A little while ago, I wrote about getting stuck in the Dallas Fort Worth (DFW) airport while on the way home from a business trip. Bad weather had rolled through the area and DFW was a mess. Every flight was delayed and many had been cancelled. Lots of people in the terminal were outraged at having been inconvenienced. Anger and recriminations were commonplace as the airlines struggled to cope with the weather.
At a nearby lumber yard, the story was evolving differently. An F1 tornado had ripped through the area causing tremendous damage.
The owner of the lumber yard, Jerry Kurosky, remained hospitalized Sunday. He suffered a serious facial cut, numerous bruises, and nearly lost an ear when he was struck by a piece of flying wood.Neighbors, friends and members of local churches turned out soon afterwards to do what they could to help.
But one of the company's employees, and a resident of the neighborhood—40-year-old Marc Patterson—was killed in the violent storm. Doctors said he suffered a heart attack while trying to hold on to some lumber as the storm blew in.
On Sunday more than 100 people from the neighborhood and several nearby churches pitched in to help a family in need, and Kurosky's family was grateful...The move to clean up the lumber yard started as a word-of-mouth effort from several pulpits. "We heard about this Sunday here, today at church," said volunteer Ben Brights. "We decided to come out and do what we can to help."It wasn't just about the lumberyard. It was about helping others in need.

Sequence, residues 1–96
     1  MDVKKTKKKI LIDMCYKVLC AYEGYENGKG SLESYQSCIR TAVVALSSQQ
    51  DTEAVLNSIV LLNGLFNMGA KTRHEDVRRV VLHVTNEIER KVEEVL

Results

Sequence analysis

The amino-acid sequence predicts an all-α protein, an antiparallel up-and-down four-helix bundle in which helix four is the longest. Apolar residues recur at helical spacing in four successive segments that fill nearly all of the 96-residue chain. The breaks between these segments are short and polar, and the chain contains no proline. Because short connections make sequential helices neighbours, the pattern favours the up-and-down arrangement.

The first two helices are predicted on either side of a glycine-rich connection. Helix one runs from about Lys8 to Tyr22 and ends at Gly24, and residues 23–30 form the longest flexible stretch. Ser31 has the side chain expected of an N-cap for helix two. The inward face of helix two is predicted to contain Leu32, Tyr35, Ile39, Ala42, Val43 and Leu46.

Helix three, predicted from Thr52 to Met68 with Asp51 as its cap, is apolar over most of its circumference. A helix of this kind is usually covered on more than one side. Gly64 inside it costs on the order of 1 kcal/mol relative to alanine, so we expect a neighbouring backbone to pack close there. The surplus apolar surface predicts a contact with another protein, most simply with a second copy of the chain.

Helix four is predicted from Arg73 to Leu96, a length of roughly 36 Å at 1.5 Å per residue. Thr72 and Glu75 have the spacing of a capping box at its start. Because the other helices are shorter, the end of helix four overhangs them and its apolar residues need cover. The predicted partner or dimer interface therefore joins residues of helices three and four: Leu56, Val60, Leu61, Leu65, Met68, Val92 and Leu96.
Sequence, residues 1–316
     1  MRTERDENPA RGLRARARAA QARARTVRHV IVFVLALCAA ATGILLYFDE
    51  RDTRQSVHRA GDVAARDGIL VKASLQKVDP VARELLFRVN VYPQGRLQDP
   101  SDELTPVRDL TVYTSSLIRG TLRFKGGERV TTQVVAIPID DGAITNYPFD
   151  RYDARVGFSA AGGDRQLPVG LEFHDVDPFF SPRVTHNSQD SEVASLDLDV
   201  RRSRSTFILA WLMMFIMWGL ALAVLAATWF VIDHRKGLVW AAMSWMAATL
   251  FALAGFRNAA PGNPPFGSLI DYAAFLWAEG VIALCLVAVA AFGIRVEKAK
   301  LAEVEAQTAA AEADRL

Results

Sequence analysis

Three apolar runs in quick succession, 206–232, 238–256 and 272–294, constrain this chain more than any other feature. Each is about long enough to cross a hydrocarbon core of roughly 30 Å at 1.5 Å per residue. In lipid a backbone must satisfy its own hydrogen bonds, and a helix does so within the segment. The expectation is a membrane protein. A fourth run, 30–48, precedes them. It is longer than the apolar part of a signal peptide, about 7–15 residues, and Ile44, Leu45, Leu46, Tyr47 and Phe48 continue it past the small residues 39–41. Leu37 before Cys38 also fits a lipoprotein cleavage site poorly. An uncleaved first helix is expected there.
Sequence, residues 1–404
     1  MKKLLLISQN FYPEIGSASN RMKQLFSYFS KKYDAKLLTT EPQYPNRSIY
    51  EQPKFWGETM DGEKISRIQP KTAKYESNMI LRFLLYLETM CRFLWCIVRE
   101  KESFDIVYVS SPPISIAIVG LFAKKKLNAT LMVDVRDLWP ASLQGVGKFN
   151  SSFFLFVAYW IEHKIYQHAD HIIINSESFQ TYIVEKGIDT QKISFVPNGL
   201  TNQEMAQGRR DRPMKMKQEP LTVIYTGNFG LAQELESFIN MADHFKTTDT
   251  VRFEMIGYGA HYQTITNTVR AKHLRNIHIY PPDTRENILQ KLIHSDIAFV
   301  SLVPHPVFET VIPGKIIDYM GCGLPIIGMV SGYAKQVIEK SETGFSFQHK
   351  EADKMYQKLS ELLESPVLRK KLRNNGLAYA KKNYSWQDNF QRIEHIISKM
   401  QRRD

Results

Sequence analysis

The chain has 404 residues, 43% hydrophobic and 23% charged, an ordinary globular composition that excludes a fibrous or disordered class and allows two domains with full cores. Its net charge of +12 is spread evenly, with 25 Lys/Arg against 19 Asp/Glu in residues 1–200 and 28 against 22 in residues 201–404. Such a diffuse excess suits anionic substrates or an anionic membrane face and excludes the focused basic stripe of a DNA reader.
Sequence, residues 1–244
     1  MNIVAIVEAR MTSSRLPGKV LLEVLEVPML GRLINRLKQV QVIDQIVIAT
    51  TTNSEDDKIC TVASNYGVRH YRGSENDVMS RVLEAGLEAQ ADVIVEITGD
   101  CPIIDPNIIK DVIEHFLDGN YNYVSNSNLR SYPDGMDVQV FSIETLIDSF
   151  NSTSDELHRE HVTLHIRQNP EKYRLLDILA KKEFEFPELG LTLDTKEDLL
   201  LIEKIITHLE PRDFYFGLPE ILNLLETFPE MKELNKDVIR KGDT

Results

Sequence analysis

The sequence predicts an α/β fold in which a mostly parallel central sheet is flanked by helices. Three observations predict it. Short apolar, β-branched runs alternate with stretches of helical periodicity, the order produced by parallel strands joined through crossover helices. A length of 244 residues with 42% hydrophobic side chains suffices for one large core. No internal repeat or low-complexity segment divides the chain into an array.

"The fellow here needs a lot of help," said volunteer Monte Roths. "Obviously, it hit here the hardest. The love he has for other people—he's the type of person who would help another before he helps himself."
The Oakview Street volunteers, about 70 in all, worked quickly and by 3 p.m. had moved from the lumber yard to Kurosky's neighbors.Now that's a World of Good.
Linda Cisneros, whose family has been staying with her mother-in-law since the storm, returned to her home Sunday afternoon to find a stranger dragging tree limbs from her yard.
"Thank you, thank you, thank you," said Cisneros, who is married with two children. "A man came and told us it would cost $3,000 to fix everything, but we don't have that kind of money."
About a dozen members of the Tarrant Baptist Association's disaster response team came to help on their own accord, member Delbert Timmes said.
"We'll probably be here tomorrow, too, until it's done," Timmes said. "This is what God called us to do."